nicknamed “The Maid of Orléans” (French: La Pucelle d’Orléans), is a folk heroine of France and a Roman Catholic saint. She was born a peasant girl in what is now eastern France. Claiming divine guidance, she led the French army to several important victories during the Hundred Years’ War, which paved the way for the coronation of Charles VII of France. She was captured by the Burgundians, transferred to the English in exchange for money, put on trial by the pro-English Bishop of Beauvais Pierre Cauchon for charges of “insubordination and heterodoxy”, and was burned at the stake for heresy when she was 19 years old.
Twenty-five years after her execution, an inquisitorial court authorized by Pope Callixtus III examined the trial, pronounced her innocent, and declared her a martyr. Joan of Arc was beatified in 1909 and canonized in 1920. She is – along with St. Denis, St. Martin of Tours, St. Louis IX, and St. Theresa of Lisieux – one of thepatron saints of France. Joan said she had received visions from God instructing her to support Charles VII and recover France from English domination late in the Hundred Years’ War. The uncrowned King Charles VII sent her to the siege of Orléans as part of a relief mission. She gained prominence when she overcame the dismissive attitude of veteran commanders and caused the lifting of the siege in only nine days. Several additional swift victories led to Charles VII’s coronation at Reims.
1. Joan’s real name was Jehanne d’Arc, Jehanne Tarc, Jehanne Romée or possibly Jehanne de Vouthon—but she didn’t go by any of these.
In the 1400s, people didn’t use family names as we do now. Her fathers name was d’Arc, but she called herself Jeanne the Maiden or by her mother’s last name.
2. In modern times, some doctors and scholars have “diagnosed” Joan of Arc with disorders ranging from epilepsy to schizophrenia.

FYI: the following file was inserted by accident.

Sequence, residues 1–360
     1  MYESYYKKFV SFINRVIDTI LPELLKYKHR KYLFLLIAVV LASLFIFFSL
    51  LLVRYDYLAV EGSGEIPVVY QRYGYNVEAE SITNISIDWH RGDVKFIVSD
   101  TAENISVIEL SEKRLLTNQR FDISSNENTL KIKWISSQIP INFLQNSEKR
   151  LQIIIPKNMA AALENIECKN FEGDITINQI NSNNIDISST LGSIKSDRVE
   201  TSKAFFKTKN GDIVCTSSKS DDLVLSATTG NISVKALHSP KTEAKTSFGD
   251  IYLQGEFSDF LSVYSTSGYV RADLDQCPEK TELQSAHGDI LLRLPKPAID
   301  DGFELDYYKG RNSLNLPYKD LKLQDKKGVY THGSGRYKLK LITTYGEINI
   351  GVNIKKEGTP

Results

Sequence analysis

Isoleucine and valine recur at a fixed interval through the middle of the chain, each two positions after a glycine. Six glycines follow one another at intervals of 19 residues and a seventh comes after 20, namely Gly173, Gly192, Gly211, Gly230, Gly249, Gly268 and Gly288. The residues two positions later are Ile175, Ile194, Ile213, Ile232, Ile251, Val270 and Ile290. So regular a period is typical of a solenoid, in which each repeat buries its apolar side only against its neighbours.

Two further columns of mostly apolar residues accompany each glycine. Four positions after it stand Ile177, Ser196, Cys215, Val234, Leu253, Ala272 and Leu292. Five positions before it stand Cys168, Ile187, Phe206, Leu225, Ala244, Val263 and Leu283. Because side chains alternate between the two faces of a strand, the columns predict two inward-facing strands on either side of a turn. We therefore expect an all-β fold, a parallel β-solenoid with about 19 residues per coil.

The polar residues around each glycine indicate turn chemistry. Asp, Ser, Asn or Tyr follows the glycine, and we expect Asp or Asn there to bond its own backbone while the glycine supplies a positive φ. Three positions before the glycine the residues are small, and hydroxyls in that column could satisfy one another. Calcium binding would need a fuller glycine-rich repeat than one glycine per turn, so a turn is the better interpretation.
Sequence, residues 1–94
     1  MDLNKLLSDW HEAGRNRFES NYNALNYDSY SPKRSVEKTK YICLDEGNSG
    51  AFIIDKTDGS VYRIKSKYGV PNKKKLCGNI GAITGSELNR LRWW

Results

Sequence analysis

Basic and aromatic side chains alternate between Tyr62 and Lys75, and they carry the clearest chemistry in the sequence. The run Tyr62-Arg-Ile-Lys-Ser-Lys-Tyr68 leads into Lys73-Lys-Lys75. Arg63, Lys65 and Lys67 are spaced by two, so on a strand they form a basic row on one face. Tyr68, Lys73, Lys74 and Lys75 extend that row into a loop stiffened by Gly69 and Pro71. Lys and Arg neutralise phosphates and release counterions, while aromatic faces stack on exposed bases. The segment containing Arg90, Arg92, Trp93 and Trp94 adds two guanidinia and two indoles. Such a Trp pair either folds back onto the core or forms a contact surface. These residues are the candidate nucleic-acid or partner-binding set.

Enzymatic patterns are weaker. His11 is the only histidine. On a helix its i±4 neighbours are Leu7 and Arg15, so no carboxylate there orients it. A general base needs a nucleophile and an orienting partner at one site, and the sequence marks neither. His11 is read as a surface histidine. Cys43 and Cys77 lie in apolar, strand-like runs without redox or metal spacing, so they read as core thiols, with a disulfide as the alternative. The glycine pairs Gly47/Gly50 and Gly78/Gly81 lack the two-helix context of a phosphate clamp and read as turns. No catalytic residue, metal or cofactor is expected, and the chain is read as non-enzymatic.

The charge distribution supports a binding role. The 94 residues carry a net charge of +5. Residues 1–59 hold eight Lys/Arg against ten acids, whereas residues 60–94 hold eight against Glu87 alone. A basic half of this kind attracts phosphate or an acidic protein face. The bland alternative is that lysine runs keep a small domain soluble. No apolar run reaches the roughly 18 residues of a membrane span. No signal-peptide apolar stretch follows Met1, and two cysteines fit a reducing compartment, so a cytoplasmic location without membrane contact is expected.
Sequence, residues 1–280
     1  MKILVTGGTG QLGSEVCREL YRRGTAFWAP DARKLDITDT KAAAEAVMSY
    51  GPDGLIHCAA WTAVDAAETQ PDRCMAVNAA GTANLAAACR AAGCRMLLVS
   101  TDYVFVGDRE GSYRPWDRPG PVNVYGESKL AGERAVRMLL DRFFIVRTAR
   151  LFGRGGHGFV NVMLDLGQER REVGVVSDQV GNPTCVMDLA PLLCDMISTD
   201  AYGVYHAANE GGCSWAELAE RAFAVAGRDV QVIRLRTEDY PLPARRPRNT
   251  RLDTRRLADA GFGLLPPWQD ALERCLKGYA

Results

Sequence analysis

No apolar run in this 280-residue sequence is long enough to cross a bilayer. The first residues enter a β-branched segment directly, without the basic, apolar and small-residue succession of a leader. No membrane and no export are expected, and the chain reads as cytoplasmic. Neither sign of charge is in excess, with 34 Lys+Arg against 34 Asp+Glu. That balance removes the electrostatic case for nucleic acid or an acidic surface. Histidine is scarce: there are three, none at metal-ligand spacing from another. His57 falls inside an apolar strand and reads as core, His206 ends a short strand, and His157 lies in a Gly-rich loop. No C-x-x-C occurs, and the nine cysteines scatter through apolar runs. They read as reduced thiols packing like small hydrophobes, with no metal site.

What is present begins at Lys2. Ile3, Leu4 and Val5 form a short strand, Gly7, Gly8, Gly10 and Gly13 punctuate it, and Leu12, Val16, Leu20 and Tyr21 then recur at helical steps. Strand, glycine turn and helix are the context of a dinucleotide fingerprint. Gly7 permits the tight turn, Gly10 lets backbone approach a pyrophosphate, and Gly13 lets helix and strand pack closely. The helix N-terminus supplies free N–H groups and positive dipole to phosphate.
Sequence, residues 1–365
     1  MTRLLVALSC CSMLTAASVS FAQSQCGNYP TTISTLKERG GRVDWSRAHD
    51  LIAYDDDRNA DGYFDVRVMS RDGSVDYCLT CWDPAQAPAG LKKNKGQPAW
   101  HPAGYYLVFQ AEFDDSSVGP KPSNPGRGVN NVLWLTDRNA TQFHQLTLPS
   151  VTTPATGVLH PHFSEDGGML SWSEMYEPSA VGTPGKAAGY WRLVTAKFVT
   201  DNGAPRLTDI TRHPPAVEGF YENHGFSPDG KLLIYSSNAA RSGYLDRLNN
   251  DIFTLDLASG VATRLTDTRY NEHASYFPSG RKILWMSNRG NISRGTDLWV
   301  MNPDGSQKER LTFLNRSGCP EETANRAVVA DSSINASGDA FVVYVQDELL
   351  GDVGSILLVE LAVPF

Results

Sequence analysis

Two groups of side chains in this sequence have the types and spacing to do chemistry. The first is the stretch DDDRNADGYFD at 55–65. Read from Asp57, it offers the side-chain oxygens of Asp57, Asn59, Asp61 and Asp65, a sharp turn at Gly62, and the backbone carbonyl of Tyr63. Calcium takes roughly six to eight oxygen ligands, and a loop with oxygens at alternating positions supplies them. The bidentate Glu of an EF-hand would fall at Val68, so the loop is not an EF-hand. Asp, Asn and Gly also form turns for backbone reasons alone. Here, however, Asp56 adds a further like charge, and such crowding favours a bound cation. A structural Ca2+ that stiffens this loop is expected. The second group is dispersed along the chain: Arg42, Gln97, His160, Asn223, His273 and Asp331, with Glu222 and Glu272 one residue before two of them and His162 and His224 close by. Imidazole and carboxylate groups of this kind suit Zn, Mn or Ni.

Joan heard voices and bright lights, so clearly, she was crazy. How she managed to motivate soldiers to follow her battle plans, as a 17-year-old peasant may be due to the influence Queen Yolanda, whose story is found here.
3. While commander of the French army, Joan of Arc didn’t participate in active combat.
She did wear men’s clothing ( a mortal sin!) but carried the banner, rather than fighting. She was wounded, twice, however.
4. Joan of Arc had a famously volatile temper.
She told a hecker that her voices spoke better Frence than he did, and she slapped a Scots ally for eating stolen meat.
5. Contrary to popular belief, Joan of Arc wasn’t burned at the stake for witchcraft—at least not technically.
She signed a confession, which was to have saved her from execution, but for unclear reasons, possibly the treatment of her by the prison guards, she returned to wearing men’s clothing and was convicted of heresy. She was later aquited by the court of Rome and made a saint.
6. From 1434 to 1440, Joan’s brothers passed an imposter off as their sister, claiming she’d escaped execution.
They did also petition the Pope to retry the case once their fraud was detected.
7. Joan of Arc inspired the ever-popular bob haircut, which originated in Paris in 1909.
The bob was the popular style of the knights joan knew, so she woreher hair cut that way as well, another thing the church didn’t like. When a movie was made about her, a new hairstyle arose in Paris.